“Praying daily for vocations and our seminarians has made me a more prayerful and more disciplined individual,” said Thom Field, president of the club. “I ask for the intercession of God, Christ and the Holy Spirit in the lives of young seminarians.”
A convert to Catholicism 26 years ago, Field says he loves the Catholic faith and is saddened by the crisis in the Church, which has had a negative effect on vocations.
The sex-abuse scandal has dramatically impacted our ability to recruit people for the religious life,” he says. “I remember the days when parents were proud to have their son become a priest. Today, they try to talk their kids out of it, but we need to help them understand that the priesthood is an honorable and sacred vocation.”
Fr. Jeffrey Couture, pastor of St. Francis of Assisi and chaplain of the group, said that to succeed in their mission, Serrans must commit themselves to the basics of spiritual warfare because Satan will always tempt them into thinking there’s an easier way. “All of us, as a group, need to do more,” he said. “We need to do holy hours. We need to pray the rosary. We need to pray together during Eucharistic adoration.”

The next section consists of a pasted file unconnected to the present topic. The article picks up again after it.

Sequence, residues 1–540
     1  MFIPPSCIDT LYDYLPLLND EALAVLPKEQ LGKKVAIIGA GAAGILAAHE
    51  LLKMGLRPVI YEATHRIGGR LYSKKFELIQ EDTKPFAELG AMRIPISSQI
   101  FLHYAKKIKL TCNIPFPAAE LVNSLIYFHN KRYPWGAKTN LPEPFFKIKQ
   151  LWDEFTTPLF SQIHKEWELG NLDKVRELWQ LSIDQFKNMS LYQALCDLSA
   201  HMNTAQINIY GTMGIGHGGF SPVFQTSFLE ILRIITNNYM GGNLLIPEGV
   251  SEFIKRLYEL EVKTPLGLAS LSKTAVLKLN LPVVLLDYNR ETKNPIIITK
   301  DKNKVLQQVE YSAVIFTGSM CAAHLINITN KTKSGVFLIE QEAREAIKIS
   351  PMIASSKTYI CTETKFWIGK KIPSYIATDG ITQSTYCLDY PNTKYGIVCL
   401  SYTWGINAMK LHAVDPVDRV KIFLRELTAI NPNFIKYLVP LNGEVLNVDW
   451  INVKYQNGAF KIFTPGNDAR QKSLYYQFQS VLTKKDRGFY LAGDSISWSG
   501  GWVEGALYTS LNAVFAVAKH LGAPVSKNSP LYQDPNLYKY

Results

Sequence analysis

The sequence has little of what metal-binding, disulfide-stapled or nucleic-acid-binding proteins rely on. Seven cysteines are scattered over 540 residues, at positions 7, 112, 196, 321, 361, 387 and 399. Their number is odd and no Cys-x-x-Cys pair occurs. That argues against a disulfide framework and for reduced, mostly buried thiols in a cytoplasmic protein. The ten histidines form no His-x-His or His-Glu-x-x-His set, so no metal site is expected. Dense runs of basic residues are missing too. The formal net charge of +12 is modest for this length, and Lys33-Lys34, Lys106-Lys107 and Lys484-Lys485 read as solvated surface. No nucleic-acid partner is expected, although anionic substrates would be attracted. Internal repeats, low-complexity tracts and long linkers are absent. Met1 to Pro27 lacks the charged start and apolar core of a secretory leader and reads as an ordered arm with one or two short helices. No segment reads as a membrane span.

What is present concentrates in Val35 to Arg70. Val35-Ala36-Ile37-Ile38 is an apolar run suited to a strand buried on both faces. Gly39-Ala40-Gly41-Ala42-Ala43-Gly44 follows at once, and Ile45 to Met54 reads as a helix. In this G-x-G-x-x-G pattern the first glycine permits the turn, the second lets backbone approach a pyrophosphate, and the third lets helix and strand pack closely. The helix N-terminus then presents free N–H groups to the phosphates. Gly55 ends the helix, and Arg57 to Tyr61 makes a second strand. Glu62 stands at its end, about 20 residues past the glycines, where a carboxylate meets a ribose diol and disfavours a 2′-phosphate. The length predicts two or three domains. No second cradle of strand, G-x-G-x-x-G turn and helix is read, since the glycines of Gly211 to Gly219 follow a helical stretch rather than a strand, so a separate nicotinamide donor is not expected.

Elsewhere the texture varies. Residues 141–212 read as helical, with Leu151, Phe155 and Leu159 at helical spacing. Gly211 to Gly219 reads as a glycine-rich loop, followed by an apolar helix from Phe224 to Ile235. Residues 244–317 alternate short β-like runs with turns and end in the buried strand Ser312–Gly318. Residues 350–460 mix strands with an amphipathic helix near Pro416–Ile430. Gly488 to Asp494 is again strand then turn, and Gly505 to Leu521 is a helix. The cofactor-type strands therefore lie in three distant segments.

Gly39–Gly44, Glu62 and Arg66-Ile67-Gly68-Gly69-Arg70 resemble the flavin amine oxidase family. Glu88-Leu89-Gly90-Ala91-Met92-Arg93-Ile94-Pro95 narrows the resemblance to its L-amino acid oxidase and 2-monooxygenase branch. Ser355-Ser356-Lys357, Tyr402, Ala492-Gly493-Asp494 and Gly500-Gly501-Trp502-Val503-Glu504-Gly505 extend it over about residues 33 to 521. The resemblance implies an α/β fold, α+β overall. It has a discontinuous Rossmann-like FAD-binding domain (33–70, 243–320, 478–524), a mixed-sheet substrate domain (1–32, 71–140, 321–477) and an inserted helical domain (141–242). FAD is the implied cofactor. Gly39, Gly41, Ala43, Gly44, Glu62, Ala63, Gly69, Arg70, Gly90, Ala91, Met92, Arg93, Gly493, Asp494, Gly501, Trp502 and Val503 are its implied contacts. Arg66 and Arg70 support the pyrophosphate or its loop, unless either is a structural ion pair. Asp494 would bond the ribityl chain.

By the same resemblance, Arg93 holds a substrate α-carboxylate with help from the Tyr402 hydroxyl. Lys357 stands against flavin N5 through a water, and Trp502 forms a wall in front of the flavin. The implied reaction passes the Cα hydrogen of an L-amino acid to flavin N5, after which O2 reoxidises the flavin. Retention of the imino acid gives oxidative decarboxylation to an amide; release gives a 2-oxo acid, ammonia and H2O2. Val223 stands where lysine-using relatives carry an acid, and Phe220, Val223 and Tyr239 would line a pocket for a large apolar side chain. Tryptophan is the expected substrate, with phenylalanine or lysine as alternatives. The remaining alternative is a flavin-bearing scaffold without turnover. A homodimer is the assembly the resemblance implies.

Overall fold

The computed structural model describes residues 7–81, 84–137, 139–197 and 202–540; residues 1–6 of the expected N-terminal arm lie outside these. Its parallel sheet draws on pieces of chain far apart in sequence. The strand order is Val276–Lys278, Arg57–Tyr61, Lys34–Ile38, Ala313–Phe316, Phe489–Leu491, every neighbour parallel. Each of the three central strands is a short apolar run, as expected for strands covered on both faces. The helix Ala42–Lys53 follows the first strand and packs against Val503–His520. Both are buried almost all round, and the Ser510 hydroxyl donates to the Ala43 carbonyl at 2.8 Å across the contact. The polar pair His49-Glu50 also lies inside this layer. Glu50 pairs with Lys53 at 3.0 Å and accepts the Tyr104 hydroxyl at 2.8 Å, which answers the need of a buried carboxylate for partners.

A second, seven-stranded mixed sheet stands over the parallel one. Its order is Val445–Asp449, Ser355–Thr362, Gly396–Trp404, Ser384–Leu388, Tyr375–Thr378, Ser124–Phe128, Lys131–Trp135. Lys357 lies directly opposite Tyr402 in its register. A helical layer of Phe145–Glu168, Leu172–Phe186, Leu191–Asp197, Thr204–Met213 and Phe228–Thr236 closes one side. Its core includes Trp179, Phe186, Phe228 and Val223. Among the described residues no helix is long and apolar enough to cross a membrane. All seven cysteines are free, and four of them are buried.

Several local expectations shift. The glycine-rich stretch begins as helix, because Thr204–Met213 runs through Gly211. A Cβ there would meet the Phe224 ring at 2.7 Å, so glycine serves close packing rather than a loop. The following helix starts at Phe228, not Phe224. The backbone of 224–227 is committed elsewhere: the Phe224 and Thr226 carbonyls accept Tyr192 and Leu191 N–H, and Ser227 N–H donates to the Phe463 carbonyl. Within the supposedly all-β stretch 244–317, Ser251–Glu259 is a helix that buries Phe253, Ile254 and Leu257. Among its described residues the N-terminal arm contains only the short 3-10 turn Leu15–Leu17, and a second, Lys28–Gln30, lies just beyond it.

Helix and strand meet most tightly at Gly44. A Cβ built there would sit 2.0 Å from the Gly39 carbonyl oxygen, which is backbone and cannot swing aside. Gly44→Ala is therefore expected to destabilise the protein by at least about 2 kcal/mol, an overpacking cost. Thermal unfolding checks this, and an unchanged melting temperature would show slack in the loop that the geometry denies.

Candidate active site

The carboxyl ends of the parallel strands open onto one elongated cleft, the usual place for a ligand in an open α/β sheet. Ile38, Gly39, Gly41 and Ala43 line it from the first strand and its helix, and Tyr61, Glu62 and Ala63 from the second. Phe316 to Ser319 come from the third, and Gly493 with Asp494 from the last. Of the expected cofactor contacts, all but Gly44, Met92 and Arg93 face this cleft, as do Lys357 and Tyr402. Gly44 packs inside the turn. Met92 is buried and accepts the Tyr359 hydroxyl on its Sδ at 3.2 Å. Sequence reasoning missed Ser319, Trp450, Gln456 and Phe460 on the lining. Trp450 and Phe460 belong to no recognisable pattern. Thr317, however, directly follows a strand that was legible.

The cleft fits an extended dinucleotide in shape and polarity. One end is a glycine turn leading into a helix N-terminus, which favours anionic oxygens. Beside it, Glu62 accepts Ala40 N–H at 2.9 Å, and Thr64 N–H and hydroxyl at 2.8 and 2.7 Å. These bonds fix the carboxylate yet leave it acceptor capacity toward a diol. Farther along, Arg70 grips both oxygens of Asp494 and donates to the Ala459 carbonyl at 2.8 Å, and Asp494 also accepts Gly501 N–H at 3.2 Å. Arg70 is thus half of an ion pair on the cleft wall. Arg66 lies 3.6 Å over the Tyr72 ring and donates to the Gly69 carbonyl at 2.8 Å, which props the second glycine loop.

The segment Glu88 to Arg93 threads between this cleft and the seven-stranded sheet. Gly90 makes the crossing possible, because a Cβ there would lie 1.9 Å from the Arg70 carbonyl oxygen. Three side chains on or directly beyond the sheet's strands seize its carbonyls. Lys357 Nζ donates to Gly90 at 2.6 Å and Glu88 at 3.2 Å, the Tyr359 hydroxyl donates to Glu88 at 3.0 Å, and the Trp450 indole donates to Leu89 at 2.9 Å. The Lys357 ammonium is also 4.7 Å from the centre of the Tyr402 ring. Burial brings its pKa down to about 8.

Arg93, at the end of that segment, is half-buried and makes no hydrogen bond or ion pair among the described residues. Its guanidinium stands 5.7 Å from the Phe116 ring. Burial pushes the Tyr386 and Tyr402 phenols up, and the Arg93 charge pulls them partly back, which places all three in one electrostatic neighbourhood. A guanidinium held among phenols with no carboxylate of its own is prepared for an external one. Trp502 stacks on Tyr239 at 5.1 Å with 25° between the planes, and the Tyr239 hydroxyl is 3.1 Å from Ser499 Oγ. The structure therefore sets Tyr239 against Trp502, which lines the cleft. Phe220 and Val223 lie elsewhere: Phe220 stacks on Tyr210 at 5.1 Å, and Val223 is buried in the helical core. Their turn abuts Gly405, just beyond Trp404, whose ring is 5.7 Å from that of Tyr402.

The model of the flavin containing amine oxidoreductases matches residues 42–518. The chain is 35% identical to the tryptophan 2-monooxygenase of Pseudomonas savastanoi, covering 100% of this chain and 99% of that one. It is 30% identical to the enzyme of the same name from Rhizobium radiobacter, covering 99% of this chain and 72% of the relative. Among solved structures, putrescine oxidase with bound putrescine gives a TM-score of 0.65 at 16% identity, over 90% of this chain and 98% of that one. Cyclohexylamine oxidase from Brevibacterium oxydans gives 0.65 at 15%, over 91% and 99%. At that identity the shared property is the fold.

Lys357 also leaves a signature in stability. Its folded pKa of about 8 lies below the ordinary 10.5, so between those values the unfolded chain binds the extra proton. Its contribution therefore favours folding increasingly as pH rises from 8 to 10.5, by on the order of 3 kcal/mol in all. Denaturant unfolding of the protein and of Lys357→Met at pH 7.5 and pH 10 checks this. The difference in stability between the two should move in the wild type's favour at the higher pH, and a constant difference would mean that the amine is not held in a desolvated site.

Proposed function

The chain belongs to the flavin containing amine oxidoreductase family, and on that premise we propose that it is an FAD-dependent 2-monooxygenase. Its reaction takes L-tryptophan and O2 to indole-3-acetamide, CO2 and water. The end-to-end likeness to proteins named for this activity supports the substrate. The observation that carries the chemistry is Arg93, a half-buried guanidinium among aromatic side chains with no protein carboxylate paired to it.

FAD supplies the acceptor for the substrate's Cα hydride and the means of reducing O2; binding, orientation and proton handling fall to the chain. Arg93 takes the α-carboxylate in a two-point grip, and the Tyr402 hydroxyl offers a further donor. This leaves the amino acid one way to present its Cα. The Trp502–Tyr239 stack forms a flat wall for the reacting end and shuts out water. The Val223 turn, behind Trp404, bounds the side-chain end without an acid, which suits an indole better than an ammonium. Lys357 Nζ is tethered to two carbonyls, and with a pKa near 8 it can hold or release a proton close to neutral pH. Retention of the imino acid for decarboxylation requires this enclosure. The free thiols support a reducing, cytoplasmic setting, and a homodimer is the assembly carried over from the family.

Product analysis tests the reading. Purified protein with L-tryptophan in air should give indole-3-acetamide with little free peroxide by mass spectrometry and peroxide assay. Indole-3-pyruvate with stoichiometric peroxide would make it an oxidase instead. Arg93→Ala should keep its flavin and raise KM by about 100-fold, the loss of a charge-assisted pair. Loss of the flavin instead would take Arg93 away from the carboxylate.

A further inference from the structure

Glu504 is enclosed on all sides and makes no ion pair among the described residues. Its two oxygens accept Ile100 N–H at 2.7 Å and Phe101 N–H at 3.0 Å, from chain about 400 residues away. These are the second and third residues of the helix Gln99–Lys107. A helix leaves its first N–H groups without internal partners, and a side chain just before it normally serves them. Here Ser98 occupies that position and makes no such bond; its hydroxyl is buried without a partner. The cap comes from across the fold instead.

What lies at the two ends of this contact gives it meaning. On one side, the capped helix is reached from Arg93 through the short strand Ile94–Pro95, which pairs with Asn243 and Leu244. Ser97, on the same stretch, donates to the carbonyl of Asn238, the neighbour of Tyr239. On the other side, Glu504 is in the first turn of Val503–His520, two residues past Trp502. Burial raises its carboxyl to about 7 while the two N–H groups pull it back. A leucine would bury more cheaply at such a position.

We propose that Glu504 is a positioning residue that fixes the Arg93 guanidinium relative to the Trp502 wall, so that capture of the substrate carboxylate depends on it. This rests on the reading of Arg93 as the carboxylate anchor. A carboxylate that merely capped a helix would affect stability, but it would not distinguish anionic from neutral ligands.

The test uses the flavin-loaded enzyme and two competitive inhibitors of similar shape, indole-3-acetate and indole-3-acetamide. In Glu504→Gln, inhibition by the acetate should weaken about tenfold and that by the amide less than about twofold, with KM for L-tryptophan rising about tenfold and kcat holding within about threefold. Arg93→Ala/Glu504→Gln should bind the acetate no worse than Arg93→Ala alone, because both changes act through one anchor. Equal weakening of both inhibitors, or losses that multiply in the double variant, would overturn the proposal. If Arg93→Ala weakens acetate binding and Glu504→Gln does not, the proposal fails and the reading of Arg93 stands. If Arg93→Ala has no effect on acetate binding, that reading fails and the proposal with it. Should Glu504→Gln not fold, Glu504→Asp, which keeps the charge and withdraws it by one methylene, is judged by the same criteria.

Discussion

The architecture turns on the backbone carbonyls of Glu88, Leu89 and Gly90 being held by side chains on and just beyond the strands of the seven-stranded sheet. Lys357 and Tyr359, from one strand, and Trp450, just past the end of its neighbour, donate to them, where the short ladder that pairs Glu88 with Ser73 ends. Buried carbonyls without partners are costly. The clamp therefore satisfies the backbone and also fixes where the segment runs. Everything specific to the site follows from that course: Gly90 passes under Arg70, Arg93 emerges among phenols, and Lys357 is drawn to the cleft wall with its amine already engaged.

At a recent meeting, club members discussed plans to create a vocation ministry at St. Francis of Assisi that would pray for vocations and also provide resources and opportunities to encourage young people to consider the religious life.
Serra International was begun in 1935 by four Catholic laymen in Seattle and is recognized by the Vatican as the “lay vocational arm of the Church” with more than 1,100 clubs in 46 countries that claim over 20,000 members.
The Bridgeport chapter began through the efforts of Deacon David Flynn of St. Jude Church in Monroe, who in 2014 while in formation for the permanent diaconate undertook a project to create a vocation ministry in his parish, which ultimately led to forming a Serra Club in the diocese.
“What appealed to me was the personal formation and growth in holiness for the members,” he said. “The activities are important, but the foundation of those activities rests on prayer and the individual’s spiritual formation and growth in personal holiness.”